Brian Morrell wore the familiar smile Monday that baseball fans would always see when he starred at Shoreham-Wading River High School. He joked with his teammates on the Riverhead Tomcats, relishing each inning as his team cruised to an 11-4 victory over the North Fork Ospreys at Veterans Memorial Park in Calverton.
For Morrell, his late addition to the Hamptons Collegiate Baseball League this summer was a chance to have fun again, to return home to his roots and begin a process at rebuilding his game.
Morrell’s high school career with the Wildcats ranks up there with any of the great players from Long Island in the past decade. He was a two-time Carl Yastrzemski award winner as the top player in Suffolk County; he was the 2017 Prep Baseball Report New York Player of the Year; he was drafted by the Philadelphia Phillies out of high school and ultimately decided to attend the University of Notre Dame.
Even for top recruits like Morrell, that path to success at the next level can be winding. And there are no guarantees.
“It’s a tough adjustment,” Morrell said, admitting that he lost his confidence at times in college. “You just got to realize that from playing here at Shoreham, it’s the same stuff.”
Morrell began his summer in the Northwoods League as a member of the Wisconsin Woodchucks. A right-handed pitcher, Morrell began throwing after spending nearly the entire spring in college on the sidelines.
He struggled to regain his old form. In 14.1 innings, he gave up 14 earned runs.
“I was struggling, so I was like, why not just come home and have fun, try to get back to my old self,” he said. “No matter how I do here, just let it go and have fun with things.”
Morrell joined the Tomcats in early July and has played in nine games through Tuesday. He started Monday in right field — a position where fans might have never expected to see the former Wildcat, who was an excellent shortstop in high school when not pitching.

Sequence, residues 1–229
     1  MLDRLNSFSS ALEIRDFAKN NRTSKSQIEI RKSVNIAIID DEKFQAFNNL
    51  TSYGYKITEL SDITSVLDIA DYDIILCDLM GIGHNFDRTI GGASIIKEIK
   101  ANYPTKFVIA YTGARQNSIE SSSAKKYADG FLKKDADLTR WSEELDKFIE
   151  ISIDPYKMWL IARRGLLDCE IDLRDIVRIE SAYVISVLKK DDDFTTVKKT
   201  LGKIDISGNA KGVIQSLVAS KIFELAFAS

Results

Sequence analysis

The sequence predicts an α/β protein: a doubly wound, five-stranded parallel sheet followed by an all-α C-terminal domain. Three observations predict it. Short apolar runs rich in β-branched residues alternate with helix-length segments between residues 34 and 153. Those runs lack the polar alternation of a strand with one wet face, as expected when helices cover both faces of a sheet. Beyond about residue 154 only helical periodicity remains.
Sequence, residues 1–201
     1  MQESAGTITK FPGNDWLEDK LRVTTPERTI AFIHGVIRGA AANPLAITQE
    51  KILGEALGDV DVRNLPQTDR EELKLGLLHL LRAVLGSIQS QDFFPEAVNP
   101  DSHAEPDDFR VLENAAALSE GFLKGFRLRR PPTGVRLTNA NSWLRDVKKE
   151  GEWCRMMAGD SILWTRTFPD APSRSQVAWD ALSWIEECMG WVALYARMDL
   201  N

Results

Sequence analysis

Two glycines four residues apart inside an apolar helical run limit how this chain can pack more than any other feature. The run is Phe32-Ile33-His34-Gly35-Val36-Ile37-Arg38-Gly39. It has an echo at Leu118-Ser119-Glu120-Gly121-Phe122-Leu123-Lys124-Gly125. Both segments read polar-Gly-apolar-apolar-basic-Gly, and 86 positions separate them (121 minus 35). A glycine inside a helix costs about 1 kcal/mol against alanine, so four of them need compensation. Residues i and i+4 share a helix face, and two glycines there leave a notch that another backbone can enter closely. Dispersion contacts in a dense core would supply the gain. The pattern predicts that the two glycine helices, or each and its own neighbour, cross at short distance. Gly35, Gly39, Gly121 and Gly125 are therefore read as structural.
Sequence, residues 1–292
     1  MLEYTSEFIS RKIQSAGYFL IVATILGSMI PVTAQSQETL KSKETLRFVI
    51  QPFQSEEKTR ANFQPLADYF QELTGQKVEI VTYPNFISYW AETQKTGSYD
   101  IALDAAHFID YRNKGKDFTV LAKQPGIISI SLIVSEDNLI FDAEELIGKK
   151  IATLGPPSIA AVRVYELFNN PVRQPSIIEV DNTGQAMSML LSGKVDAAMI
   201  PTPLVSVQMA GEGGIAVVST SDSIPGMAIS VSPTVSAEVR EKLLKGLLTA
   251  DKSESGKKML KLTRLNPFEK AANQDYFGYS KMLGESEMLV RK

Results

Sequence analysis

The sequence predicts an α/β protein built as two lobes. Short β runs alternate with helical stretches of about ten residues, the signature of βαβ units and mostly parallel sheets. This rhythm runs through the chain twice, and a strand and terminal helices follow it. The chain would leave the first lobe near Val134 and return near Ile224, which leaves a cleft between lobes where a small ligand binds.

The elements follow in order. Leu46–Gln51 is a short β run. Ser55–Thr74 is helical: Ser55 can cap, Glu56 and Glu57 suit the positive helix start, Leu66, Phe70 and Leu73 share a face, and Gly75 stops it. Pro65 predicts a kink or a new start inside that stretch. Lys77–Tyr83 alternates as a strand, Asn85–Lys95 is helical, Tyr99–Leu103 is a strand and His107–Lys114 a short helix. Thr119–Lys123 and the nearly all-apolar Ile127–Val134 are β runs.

For now, Morrell said he’s focusing on throwing bullpen sessions to work on his command. In many ways, his focus is on the fundamentals, and getting back to the basics to regain his form and confidence.
“I was pitching in Northwoods, but my command was a little off and everything was just mechanically a little bit off,” he said. “I want to just work on it first and then get some live game action.”
Morrell played the ninth inning Monday at second base. The Hamptons League has also given him a chance to take some at-bats again, something he hasn’t done much at all since he arrived at Notre Dame as a pitcher.
It’s been an adjustment and his bat has started slowly — he’s 4-for-30 through nine games. But he’s shown flashes of what made him such a dynamic high school player by hitting a pair of home runs. He hit a two-run walk-off home run in his third game to win the first game of a doubleheader against Shelter Island.
“I haven’t hit in like a year and a half,” he said. “There’s one game I’m doing good and then the next game I struggle. I’m seeing the ball well, my swing is just a little slow.”
Before each game Morrell said he’s focusing on running through drills, getting into the outfield and stretching out his arm with long toss, throwing foul pole to foul pole to regain that feel for the ball.
“Everything doesn’t feel right in terms of throwing the ball, but it’s getting a lot better,” he said.
His career at Notre Dame didn’t begin as he would have hoped. He appeared in just six games as a freshman in 2018 and only two appearances as a sophomore this past spring. He said his coaches basically shut him down early in the season. He’s hoping he can earn a redshirt to regain a year of eligibility.
Notre Dame recently fired its coaching staff led by Mik Aoki and replaced him with Link Jarrett of UNC Greensboro, who was formally introduced Monday.
Morrell admitted he never seemed to align with Aoki’s coaching staff, so he’s hopeful the new coaches will be a fresh start for him.
“I heard he’s a really good guy and a really good coach, so I’m happy with he have someone who has a good sense of the game,” he said.
Outside of baseball, Morrell said he’s loved the experience of attending Notre Dame. His professors have all been great, he said. Academically, he’s focusing on psychology and business.
Morrell said he keeps in touch with his former coaches at Shoreham like Kevin Willi and Sal Mignano and will seek advice from time to time. He said Willi, who is known as a pitching coach, plans to watch one of his games and talk pitching and the mental aspect of the game.
“Everyone in this community is such a good resource,” he said. “That’s why I love being in such a small community.”